Knowle Parish Church near Birmingham was full on Wednesday night as hundreds of people turned out to hear Philip Yancey speak about his latest book, Fearfully and Wonderfully, and the profound impact a British leprosy surgeon had on his faith.
Yancey, author of Where is God When It Hurts and What's So Amazing About Grace, spoke candidly about how, in his younger years, he had struggled to understand why God would allow pain and suffering.
"That was a barrier to my faith, I needed an answer to that," he said, adding that he needed more than the "cheerful, smiley propaganda tracks" of the Christian faith.
He explained that it was by chance that he came to hear of Dr Paul Brand after his wife stumbled upon a booklet about him as she was clearing out a closet of medical supplies at her work.
Dr Brand was a Christian doctor who was working with people with leprosy in Vellore, India at the time and the booklet contained a speech he had given about the "gift" of pain.
The idea that pain and suffering could be a "gift" was a radical concept to Yancey at the time and he tracked down Dr Brand to find out more, striking up a friendship that was to endure until the doctor's death in 2003.
Yancey credited Dr Brand not only with helping him to see pain in a positive light, but also with healing him from a negative experience of church that had "damaged" him in his earlier years.
"He opened my world and he opened my faith," said Yancey.
Yancey was speaking at an event in aid of Leprosy Mission, the Christian charity that Dr Brand was president of from 1993 to 1999.
He spoke about the continuing stigma that many sufferers still experience despite the advances in treatment and understanding of the disease, and he said there was still a lot of misunderstanding and fear, despite the fact that about "95% of people have a built in immunity".
"A lot of people think this is something from the past, but there were 200,000 new cases last year," he said.
"It's groups like Leprosy Mission that keep the facts alive."
Until relatively recently, it had been believed that leprosy was highly contagious and that it rotted the flesh. Through his pioneering work, Dr Brand realised that it was not the disease that was rotting the flesh but rather that the flesh was being damaged or diseased because sufferers had no pain sensation alerting them to the harm.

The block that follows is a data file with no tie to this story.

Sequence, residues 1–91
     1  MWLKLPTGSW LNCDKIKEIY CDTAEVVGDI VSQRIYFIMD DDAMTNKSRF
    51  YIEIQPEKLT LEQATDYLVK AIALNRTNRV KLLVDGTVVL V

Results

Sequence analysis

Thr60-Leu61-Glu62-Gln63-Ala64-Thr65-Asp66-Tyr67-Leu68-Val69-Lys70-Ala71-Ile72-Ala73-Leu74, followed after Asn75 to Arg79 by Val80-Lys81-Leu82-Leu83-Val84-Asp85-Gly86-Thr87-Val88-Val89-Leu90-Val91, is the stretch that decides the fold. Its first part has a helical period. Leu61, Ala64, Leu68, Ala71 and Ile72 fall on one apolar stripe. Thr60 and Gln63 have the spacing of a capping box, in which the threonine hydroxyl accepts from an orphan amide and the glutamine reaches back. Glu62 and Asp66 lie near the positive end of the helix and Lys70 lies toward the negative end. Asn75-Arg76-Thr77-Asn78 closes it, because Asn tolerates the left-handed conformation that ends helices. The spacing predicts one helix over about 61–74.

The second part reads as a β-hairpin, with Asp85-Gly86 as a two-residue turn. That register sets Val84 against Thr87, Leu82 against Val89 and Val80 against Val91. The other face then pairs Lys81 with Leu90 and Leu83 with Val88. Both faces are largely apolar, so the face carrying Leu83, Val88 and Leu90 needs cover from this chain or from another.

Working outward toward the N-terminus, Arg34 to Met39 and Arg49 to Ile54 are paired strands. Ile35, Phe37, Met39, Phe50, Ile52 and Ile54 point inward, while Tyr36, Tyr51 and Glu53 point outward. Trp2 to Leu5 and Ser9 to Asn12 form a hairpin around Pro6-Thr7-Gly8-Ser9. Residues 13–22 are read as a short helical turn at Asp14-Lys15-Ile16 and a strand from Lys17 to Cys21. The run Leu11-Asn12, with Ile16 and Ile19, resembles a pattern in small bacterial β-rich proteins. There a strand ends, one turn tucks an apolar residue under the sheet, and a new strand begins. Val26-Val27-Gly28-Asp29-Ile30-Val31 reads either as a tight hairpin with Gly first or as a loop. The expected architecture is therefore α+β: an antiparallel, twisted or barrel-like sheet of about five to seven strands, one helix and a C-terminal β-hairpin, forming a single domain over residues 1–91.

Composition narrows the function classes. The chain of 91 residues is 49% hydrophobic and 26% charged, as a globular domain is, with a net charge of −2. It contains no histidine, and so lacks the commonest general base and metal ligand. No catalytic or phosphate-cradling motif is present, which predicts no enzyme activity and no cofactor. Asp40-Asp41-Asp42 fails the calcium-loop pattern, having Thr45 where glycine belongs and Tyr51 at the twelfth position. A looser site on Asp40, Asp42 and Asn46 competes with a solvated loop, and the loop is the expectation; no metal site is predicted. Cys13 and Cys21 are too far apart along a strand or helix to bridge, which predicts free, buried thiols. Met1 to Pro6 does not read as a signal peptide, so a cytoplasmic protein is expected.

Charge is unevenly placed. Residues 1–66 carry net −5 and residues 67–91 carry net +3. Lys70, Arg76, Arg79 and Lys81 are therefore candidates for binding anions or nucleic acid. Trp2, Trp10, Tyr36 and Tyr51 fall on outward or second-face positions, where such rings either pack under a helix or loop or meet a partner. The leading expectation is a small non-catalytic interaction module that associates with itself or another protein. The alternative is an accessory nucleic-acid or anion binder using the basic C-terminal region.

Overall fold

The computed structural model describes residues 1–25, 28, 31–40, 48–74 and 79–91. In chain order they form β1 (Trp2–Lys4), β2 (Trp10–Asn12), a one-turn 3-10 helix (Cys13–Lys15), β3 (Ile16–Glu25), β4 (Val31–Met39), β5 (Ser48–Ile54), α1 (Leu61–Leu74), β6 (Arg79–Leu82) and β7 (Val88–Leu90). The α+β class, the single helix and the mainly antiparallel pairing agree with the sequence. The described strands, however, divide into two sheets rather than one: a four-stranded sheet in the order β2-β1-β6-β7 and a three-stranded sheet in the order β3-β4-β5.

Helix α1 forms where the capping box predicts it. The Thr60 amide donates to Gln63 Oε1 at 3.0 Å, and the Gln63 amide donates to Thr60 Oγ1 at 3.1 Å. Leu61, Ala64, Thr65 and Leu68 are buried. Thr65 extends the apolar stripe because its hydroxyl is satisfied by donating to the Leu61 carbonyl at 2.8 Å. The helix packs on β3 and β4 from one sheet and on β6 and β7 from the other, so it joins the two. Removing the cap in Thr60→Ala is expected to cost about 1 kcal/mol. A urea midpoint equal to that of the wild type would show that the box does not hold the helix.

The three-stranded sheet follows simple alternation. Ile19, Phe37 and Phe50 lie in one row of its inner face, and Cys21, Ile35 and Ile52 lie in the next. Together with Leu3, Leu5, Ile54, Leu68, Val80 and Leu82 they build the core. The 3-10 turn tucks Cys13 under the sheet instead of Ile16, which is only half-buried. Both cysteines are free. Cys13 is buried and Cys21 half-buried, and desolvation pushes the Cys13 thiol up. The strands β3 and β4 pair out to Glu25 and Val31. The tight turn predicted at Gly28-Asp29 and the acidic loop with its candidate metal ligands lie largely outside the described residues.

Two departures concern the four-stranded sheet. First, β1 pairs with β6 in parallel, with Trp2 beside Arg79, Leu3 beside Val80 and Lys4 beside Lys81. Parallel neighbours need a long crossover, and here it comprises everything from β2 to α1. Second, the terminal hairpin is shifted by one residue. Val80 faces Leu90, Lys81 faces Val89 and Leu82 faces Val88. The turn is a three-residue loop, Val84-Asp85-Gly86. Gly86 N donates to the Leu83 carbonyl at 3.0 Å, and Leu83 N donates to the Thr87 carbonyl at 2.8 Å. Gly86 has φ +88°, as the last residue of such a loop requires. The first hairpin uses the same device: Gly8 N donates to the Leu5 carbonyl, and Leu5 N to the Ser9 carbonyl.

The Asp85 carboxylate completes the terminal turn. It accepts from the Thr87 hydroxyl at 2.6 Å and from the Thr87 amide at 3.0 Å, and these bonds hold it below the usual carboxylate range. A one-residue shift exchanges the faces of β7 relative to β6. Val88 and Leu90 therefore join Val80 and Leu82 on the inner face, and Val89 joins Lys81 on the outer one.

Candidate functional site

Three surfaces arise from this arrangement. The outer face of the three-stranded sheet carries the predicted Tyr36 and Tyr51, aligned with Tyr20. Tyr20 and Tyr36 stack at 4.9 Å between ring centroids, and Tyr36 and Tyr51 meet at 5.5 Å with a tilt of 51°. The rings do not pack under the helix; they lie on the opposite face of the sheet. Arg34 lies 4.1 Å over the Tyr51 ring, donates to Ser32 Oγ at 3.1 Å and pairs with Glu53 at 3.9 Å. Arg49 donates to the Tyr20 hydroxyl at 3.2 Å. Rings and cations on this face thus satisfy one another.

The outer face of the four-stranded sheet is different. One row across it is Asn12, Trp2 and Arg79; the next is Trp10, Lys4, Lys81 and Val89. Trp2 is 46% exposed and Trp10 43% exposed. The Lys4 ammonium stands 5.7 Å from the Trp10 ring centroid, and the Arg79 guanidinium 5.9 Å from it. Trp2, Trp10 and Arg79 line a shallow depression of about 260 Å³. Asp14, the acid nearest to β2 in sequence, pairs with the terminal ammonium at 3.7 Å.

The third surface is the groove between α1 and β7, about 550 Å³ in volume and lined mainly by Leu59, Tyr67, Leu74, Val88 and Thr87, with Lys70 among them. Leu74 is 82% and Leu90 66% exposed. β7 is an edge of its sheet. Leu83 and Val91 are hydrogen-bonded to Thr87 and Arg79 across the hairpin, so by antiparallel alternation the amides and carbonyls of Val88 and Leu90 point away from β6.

Reflecting on his friend and mentor, Yancey said Dr Brand had once told him: "I thank God for pain. If I could give one thing to my patients, I'd give them pain."
He paid tribute to Dr Brand as a "father figure" and at one point, became visibly moved as he recalled visiting him in hospital shortly before he died.
Fearfully and Wonderfully is an updated edition of Fearfully and Wonderfully Made, co-written by Yancey and Dr Brand in 1987.
During his talk, he admitted that at one time, he had been so put off by his experience of Christianity that he only wanted to be a hardhitting secular journalist and had no interest in writing books about the Christian faith.
"If you had told me in those days, about 40 years ago, Philip one day you're going to be writing a book about the Christian life and who Jesus really is and what is the nature of grace and prayer, I would have said, 'Man, that's the last thing I want to do, I want to be around famous people and be a New Yorker journalist, I don't want to do that Christian stuff.'
"Because I had been burned and I had seen a lot of the flaws of the church, the hypocrisies of the church and I been wounded by it.
"Dr Brand became that person who showed me what God had in mind and I wanted to be that person. He became a model to me of what I wanted to be like."
Yancey said he wanted to publish an updated version of the book because he "didn't want Paul Brand's legacy to be lost".
He ended with a call to Christians to do as Dr Brand did by seeing the image of God in those around them and being the hands of God "that can make out of each one of us a work of art".
"Are you able to bring out the marvel of God's image in someone else's life?" he said.